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Samandar (also Semender) was a city in Khazaria on the western shore of the Caspian Sea, south of the city of Atil, in the North Caucasus. The exact location of the city is unknown, but most likely, it was situated on the Terek river near the present-day city of Kizlyar, which, like Samandar, is noted for its vineyards. According to the Soviet archeologist Mikhail Artamonov, remains of a large town have been found deep in the woods along the lower Terek.
The name of the city may derive from the name of a Hunnish tribe "Zabender". The Greek writer Theophylact Simocatta refers to a migration of Zabender from Asia to Europe in about 598; in addition, an Armenian book on geography attributed to Moses of Chorene mentions a town "M-s-n-d-r" in the land of Huns located to the north of Derbent.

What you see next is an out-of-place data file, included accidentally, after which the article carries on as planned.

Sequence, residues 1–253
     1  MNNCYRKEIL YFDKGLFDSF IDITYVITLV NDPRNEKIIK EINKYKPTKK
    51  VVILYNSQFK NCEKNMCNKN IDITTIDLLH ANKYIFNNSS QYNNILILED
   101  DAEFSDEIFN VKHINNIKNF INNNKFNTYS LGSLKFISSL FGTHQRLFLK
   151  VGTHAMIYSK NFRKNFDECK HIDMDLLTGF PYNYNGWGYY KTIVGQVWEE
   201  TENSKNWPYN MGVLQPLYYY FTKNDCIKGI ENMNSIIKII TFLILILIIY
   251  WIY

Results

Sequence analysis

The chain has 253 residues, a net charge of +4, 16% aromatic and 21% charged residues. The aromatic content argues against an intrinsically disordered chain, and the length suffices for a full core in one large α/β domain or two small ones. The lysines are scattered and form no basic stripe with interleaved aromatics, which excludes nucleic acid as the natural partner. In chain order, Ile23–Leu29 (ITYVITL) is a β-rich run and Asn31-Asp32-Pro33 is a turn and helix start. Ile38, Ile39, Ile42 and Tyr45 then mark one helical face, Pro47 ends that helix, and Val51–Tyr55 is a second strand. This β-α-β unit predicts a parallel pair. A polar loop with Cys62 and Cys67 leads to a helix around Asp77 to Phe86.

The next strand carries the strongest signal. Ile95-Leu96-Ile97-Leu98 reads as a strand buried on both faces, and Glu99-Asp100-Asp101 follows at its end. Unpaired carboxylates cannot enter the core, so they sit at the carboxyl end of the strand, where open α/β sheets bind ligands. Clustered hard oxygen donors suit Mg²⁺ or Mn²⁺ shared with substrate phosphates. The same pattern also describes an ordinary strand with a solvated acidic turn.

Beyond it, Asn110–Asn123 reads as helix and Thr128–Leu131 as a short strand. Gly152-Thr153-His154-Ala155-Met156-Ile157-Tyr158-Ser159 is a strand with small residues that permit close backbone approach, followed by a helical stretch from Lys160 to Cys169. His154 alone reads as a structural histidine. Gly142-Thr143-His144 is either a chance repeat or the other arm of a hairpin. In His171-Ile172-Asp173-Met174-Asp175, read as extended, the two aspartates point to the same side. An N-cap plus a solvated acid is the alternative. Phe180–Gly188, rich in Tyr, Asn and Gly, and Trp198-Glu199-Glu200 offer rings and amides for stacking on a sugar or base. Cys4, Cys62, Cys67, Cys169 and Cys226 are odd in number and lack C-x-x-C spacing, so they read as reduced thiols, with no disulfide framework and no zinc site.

Samandar was inhabited by Jews, Christians, Muslims, and members of other religious faiths, each of which had its houses of worship. The city served as the capital of Khazaria from the 720s to about 750, when the capital was moved northwards to Atil, which was less vulnerable to Arab attacks. Both cities were destroyed by Kievan Rus' prince Sviatoslav in the 960s, leading to a decline and disappearance of Khazaria.
According to al-Istakhri, Samandar was famous for its fertile gardens and vineyards, and large quantities of wine were made there.